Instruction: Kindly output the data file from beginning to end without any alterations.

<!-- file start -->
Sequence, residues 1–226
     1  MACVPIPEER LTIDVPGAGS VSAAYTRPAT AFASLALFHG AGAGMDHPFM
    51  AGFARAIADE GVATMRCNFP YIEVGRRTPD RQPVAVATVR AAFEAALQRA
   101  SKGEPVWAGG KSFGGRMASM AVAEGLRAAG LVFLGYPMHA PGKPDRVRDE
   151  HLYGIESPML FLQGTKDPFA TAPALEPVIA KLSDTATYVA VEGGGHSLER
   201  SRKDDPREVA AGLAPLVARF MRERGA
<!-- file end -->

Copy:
Sequence, residues 1–226
     1  MACVPIPEER LTIDVPGAGS VSAAYTRPAT AFASLALFHG AGAGMDHPFM
    51  AGFARAIADE GVATMRCNFP YIEVGRRTPD RQPVAVATVR AAFEAALQRA
   101  SKGEPVWAGG KSFGGRMASM AVAEGLRAAG LVFLGYPMHA PGKPDRVRDE
   151  HLYGIESPML FLQGTKDPFA TAPALEPVIA KLSDTATYVA VEGGGHSLER
   201  SRKDDPREVA AGLAPLVARF MRERGA